The "speed bumps" occur at $500 million in assets, when banks become subject to Basel III capital ratios; $10 billion, when they must undergo Federal Deposit Insurance Corp. risk assessment and stress tests; $15 billion, when they lose the ability to grandfather trust preferred securities as Tier 1 Capital; $50 billion, when they become subject to detailed stress testing, financial reporting and potentially the Basel III liquidity coverage ratio; $250 billion, when banks are subject to the January 2014 adoption of Basel rules and stricter regulation (under Advanced Approaches rules); and lastly, when banks are deemed global SIFIs and must abide by a supplementary leverage ratio and the global SIFI capital buffer.

DLA Piper partner Michael Reed says banks are likely to be particularly cautious about deals that push them across the $10 billion asset threshold. But Lazard's Spencer says regulation alone is unlikely to kill deals that are otherwise based on sound fundamentals. "If it brings them over $10 billion in assets and it makes sense, they should still do it," he says.
[Read: <a target="blank" data-add-tracking="true" href=""><em>Why Wall Street Got Apple Wrong This Week</em></a>]

Both Killian and Reed say the supplementary leverage ratio is widely viewed by the banking industry as a punitive capital requirement for U.S.-based global SIFIs -- one that may force further divestments. This leverage ratio requires bank holding companies to have capital equal to 5% of their assets, while their federally insured banking units must retain capital equal to 6% of assets. Overall, banks must hold a far higher quality and quantity of capital compared to pre-credit crisis days.
1 of 3

Check Out Our Best Services for Investors

Action Alerts PLUS

Portfolio Manager Jim Cramer and Director of Research Jack Mohr reveal their investment tactics while giving advanced notice before every trade.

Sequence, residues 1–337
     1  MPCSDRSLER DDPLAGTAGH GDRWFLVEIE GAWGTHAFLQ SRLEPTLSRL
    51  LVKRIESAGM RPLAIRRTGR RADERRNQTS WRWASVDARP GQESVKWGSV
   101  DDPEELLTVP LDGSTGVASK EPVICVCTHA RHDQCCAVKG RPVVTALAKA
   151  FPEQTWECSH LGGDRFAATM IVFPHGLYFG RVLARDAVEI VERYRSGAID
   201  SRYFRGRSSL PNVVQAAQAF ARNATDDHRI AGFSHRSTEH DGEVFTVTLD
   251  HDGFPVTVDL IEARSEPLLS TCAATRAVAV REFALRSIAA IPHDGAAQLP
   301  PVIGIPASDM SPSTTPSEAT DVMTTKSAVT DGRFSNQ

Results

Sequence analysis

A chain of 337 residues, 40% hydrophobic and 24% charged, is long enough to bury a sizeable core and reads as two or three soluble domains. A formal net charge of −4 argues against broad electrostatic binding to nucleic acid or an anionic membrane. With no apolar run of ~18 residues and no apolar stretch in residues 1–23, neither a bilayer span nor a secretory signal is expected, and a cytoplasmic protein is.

Product Features:
  • $2.5+ million portfolio
  • Large-cap and dividend focus
  • Intraday trade alerts from Cramer
Quant Ratings

Access the tool that DOMINATES the Russell 2000 and the S&P 500.

Product Features:
  • Buy, hold, or sell recommendations for over 4,300 stocks
  • Unlimited research reports on your favorite stocks
  • A custom stock screener
Stocks Under $10

David Peltier uncovers low dollar stocks with serious upside potential that are flying under Wall Street's radar.

Product Features:
  • Model portfolio
  • Stocks trading below $10
  • Intraday trade alerts
14-Days Free
Only $9.95
14-Days Free
Dividend Stock Advisor

David Peltier identifies the best of breed dividend stocks that will pay a reliable AND significant income stream.

Product Features:
  • Diversified model portfolio of dividend stocks
  • Updates with exact steps to take - BUY, HOLD, SELL
Trifecta Stocks

Every recommendation goes through 3 layers of intense scrutiny—quantitative, fundamental and technical analysis—to maximize profit potential and minimize risk.

Product Features:
  • Model Portfolio
  • Intra Day Trade alerts
  • Access to Quant Ratings
Real Money

More than 30 investing pros with skin in the game give you actionable insight and investment ideas.

Product Features:
  • Access to Jim Cramer's daily blog
  • Intraday commentary and news
  • Real-time trading forums
Only $49.95
14-Days Free
14-Days Free
BAC $14.11 0.43%
C $44.41 0.41%
GS $158.85 -0.43%
JPM $61.60 0.59%
MS $26.25 0.31%


Chart of I:DJI
DOW 17,740.63 +79.92 0.45%
S&P 500 2,057.14 +6.51 0.32%
NASDAQ 4,736.1550 +19.0610 0.40%

Free Reports

Top Rated Stocks Top Rated Funds Top Rated ETFs